Amino Acids 12/2014; 47(3). DOI:10.1007/s00726-014-1896-7 · 3.65 Impact Factor
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    01/2014; 33:123-136.
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    ABSTRACT: β-alanine is a common ingredient in supplements consumed by athletes. Indeed, athletes may believe that the β-alanine induced paresthesia, experienced shortly after ingestion, is associated with its ergogenic effect despite no scientific mechanism supporting this notion. The present study examined changes in cycling performance under conditions of β-alanine induced paresthesia. Eight competitive cyclists (VO2max = 61.8 ± 4.2 mL·kg·min−1) performed three practices, one baseline and four experimental trials. The experimental trials comprised a 1-km cycling time trial under four conditions with varying information (i.e., athlete informed β-alanine or placebo) and supplement content (athlete received β-alanine or placebo) delivered to the cyclist: informed β-alanine/received β-alanine, informed placebo/received β-alanine, informed β-alanine/received placebo and informed placebo/received placebo. Questionnaires were undertaken exploring the cyclists’ experience of the effects of the experimental conditions. A possibly likely increase in mean power was associated with conditions in which β-alanine was administered (±95% CL: 2.2% ± 4.0%), but these results were inconclusive for performance enhancement (p = 0.32, effect size = 0.18, smallest worthwhile change = 56% beneficial). A possibly harmful effect was observed when cyclists were correctly informed that they had ingested a placebo (–1.0% ± 1.9%). Questionnaire data suggested that β-alanine ingestion resulted in evident sensory side effects and six cyclists reported placebo effects. Acute ingestion of β-alanine is not associated with improved 1-km TT performance in competitive cyclists. These findings are in contrast to the athlete’s “belief” as cyclists reported improved energy and the ability to sustain a higher power output under conditions of β-alanine induced paresthesia.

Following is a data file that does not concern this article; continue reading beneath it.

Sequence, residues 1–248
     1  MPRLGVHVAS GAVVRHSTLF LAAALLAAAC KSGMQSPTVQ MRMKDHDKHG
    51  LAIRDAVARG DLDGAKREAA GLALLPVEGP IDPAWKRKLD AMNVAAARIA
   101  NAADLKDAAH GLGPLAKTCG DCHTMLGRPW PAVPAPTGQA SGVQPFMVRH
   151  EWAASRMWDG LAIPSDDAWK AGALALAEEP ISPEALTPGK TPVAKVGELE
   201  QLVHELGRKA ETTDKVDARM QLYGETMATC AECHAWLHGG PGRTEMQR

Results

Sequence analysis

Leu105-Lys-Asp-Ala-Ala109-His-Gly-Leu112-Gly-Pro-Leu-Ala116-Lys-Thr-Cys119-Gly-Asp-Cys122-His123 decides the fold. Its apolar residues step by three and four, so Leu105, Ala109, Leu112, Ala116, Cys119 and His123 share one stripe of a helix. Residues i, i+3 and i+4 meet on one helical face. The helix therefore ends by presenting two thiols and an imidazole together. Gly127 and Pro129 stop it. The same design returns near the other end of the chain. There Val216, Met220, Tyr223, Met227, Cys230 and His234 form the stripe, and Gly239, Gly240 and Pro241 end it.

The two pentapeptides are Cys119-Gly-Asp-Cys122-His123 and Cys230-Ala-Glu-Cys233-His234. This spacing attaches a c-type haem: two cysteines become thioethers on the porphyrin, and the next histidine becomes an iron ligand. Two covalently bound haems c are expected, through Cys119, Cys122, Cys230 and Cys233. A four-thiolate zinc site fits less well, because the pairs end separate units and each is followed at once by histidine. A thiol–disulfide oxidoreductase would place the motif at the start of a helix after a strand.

European Journal of Sport Science 01/2015; Epub. DOI:10.1080/17461391.2015.1005696 · 1.31 Impact Factor